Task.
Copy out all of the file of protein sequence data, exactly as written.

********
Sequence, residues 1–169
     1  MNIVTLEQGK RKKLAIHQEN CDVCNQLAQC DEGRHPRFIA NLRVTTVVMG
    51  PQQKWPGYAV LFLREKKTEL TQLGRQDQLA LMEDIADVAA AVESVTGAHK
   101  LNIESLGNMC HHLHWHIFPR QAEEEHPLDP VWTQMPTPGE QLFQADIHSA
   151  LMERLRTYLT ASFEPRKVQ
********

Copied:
Sequence, residues 1–169
     1  MNIVTLEQGK RKKLAIHQEN CDVCNQLAQC DEGRHPRFIA NLRVTTVVMG
    51  PQQKWPGYAV LFLREKKTEL TQLGRQDQLA LMEDIADVAA AVESVTGAHK
   101  LNIESLGNMC HHLHWHIFPR QAEEEHPLDP VWTQMPTPGE QLFQADIHSA
   151  LMERLRTYLT ASFEPRKVQ